The Mental Challenge of Dressing for Cold Weather Riding

By John Yoder

November and December cycling can be frustrating in northern Indiana, at least for me. It's not just that there are fewer hours of daylight, not just that the high for the day is often 40 degrees with a 20-mph wind from the north, and not just that every cold-weather ride makes my nose’s production of mucus shift into overdrive.

No, the pain of late fall cycling comes from not knowing what to wear on any given ride in the fluctuating colder weather.

As much as I manufacture schemes to avoid heading for the stationary bike in the family room because of a seasonal Arctic blast, trying to figure out the optimal gear to keep warm can make my motivation to ride outside go off a cliff.   

By contrast, the clothing choices of June to August require minimal mental effort: If the temperature is above 65, I put on shorts and a short-sleeved jersey. If the temperature is around 60, with a 10-mph wind, I might wear a windbreaker, long-sleeved jersey or a vest. One or, at most, two decisions are all the effort required before I head out the door. Life is good. (And I realize that many who live in warmer climes don't even have one decision to make in the summer months – other than the specific short-sleeve jersey and shorts.)

Late fall’s weather (and October’s, to some extent) destroys that decision-making simplicity. Now, I must think about what gear will keep my torso, hands, ears and feet warm, a process that too easily becomes an excuse not to ride outside at all.

Coach Ertl's Brilliant Clothing Guide

So I was thrilled to read the article by Coach David Ertl in RBR Newsletter that suggested what clothes to wear at temperatures ranging from 70 to >20 degrees (21 to -6.6 C), in five-degree increments below 50 degrees. What a helpful guide! It's brilliant! And he even includes a downloadable PDF chart. (Here's the link:

All I needed to do was keep the chart in a convenient place and consult it before the ride, and I would be spared the unpleasant experience of riding out in gear that was too warm or too cold for the conditions. It had the potential to banish cold-weather wardrobe indecision altogether.

Yet, even with all that helpful, step-by-step advice, I still struggled with my clothing choices because that list, though it is as thorough as anyone could possibly want, didn't jibe with my cycling wardrobe. For example, Coach Ertl recommends wearing a balaclava at 25 degrees. I have four of them of different thicknesses, made of materials I've long forgotten. Which one should I wear? The chart can’t tell me, so I have to decide for myself.

Another example is gloves. I have five pairs, all different weights. He recommends medium-weight gloves at 40 degrees, but without wearing them, I don’t know which of mine corresponds to his definition of medium-weight.

Don’t get me wrong: the chart is extremely helpful as a general guide. The weakness is not in the chart but in the fact that the suggestions can point to clothes I either don’t have or for which the match isn’t clear, like the weight of gloves. 

Add in the not-so-minor detail that we all tolerate cold differently – he recommends shoe covers at 40 degrees, while I don’t use them till 30 degrees – and I feel myself once again drifting toward the stationary bike.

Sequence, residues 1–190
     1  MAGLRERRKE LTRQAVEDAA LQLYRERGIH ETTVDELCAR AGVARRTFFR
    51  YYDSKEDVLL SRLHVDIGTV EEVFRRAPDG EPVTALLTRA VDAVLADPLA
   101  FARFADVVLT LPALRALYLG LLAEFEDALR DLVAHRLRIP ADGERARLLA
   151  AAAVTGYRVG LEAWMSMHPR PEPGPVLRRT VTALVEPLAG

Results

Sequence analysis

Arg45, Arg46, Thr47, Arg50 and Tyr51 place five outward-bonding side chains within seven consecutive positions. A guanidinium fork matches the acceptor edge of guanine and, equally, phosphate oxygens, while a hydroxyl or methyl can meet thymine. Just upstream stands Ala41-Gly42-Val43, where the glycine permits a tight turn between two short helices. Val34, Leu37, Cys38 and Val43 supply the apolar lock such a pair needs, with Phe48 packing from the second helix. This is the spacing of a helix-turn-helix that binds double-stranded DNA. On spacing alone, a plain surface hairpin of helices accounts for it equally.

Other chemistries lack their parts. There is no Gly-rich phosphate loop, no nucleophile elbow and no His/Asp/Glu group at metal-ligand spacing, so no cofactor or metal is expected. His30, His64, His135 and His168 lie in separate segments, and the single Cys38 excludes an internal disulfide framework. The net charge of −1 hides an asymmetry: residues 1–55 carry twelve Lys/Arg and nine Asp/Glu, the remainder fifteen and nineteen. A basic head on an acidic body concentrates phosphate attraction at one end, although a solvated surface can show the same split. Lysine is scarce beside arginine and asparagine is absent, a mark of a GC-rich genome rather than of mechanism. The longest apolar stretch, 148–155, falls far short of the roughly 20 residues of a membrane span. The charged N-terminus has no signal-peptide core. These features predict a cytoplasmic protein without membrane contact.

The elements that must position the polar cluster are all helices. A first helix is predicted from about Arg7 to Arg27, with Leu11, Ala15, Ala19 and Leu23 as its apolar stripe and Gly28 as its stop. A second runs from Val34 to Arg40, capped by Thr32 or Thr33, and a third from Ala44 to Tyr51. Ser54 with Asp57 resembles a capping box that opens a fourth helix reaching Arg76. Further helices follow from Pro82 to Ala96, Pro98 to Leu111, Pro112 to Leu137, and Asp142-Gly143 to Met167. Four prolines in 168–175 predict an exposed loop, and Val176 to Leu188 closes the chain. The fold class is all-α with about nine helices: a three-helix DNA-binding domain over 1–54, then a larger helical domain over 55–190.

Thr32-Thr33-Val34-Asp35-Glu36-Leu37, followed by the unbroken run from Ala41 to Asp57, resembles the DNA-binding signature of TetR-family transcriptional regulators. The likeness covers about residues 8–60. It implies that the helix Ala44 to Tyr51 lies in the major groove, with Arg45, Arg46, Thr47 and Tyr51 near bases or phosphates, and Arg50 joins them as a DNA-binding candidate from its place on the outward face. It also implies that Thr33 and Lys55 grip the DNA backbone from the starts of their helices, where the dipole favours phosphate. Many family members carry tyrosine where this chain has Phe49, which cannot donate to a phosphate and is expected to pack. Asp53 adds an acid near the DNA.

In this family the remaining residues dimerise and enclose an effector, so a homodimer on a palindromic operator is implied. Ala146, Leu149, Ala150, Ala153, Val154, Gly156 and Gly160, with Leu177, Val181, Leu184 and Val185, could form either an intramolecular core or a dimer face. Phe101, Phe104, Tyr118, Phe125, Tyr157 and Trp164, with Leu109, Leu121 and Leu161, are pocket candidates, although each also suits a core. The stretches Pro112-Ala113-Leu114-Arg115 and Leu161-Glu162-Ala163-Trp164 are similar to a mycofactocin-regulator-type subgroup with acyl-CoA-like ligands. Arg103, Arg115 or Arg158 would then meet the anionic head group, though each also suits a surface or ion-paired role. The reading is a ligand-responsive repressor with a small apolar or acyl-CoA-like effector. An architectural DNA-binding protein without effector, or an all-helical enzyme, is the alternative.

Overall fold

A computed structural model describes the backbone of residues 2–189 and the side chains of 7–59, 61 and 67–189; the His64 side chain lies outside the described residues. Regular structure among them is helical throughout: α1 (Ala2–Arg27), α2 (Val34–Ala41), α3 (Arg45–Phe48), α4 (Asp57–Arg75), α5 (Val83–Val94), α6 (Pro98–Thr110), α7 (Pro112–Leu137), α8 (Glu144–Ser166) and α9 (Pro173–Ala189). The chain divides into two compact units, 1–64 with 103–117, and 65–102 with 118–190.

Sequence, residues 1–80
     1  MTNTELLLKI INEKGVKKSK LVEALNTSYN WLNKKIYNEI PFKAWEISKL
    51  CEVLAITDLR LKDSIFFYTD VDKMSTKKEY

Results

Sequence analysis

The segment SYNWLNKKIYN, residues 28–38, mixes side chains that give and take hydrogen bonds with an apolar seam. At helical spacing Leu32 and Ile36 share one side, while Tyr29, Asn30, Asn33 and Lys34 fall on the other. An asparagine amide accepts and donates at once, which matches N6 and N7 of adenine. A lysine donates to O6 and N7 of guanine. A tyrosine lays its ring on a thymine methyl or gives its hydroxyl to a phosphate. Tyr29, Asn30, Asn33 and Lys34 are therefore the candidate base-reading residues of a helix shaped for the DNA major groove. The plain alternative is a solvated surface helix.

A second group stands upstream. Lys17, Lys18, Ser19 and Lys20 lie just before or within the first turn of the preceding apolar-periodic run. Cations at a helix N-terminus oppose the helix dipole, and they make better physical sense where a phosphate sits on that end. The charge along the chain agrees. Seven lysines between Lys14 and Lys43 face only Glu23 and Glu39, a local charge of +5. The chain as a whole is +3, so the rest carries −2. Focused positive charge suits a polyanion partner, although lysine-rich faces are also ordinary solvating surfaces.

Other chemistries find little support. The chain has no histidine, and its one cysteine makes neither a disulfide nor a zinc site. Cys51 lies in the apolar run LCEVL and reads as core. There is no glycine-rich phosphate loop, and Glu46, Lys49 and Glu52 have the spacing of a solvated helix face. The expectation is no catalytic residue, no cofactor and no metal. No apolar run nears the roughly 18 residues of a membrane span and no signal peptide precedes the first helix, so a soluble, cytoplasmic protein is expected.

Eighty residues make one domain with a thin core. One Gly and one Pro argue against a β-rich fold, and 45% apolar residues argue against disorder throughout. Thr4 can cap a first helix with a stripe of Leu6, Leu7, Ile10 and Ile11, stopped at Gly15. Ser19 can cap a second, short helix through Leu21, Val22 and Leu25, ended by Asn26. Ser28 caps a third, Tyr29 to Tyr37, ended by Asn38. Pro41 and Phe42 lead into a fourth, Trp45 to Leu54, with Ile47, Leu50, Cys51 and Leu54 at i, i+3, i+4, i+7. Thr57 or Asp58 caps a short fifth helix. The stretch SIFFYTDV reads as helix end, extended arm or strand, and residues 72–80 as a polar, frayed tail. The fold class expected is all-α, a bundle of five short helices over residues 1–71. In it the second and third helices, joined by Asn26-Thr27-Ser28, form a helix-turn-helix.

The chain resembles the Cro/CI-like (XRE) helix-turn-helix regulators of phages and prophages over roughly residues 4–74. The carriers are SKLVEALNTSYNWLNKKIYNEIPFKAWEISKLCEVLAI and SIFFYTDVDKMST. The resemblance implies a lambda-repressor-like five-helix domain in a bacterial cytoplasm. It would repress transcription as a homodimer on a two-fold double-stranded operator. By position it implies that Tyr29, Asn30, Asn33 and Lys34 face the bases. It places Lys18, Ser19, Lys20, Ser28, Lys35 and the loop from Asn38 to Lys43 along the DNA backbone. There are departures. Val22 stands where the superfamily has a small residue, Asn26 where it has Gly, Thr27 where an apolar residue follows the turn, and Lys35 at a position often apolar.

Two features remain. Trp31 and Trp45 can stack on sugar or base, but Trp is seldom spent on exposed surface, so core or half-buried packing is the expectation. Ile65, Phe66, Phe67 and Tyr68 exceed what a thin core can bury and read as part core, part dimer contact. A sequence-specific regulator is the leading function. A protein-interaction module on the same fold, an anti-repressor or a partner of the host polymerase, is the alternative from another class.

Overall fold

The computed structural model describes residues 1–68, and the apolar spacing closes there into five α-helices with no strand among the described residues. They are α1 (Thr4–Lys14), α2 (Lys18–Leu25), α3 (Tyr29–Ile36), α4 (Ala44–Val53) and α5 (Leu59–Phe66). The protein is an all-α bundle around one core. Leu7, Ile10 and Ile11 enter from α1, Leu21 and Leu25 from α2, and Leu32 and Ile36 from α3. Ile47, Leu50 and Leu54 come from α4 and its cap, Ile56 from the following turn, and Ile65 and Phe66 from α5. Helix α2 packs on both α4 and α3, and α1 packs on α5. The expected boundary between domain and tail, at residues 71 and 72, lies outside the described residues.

My Two-Step Solution to Meeting the Mental Challenge

Using Coach Ertl’s chart as a template, I’ve settled on a two-step solution for cold  weather gear selection that works for me.

  • First, I create my own chart based on my wardrobe and tolerance for cold, e.g., less tolerance for a cold head and more tolerance for cold feet. This idea echoes the advice of John Marsh in his introduction to the Ertl chart: “Everybody is an experiment of one when it comes to finding what's exactly right for you, so try different combinations and see what works best.” Exactly.
  • Second, I do a short ride around my neighborhood to test the clothes before heading out on a longer ride – not an original idea by any means, but a step I’m often temped to skip. I make the route a circle so that I can feel the effect of the wind (which can often be dramatic) from every direction. This shake-down ride is like pouring water in a bucket to see if there are any leaks, except in this case, I’m testing to see if I have an opening somewhere in my gear where cold air could seep in.

My test ride circles back to the garage, where I can change into heavier gloves or a different head covering, if need be. I don’t see these clothing changes as a failure of my system, but rather as a sensible part of the ongoing, never-quite-resolved experiment in cold-weather wardrobe selection.

Fine-tuning the gear will make the ride more enjoyable and put off the day that I know is coming – when I finally will be forced inside to ride the stationary bike because I've reached my personal weather limit (which includes snow, for me).

John D. Yoder is a recreational cyclist, former cycling commuter and League of American Bicyclists cycling instructor. He has been active for over 25 years establishing the Pumpkinvine Nature Trail, a rails-to-trails project connecting Goshen, Middlebury and Shipshewana, Indiana (

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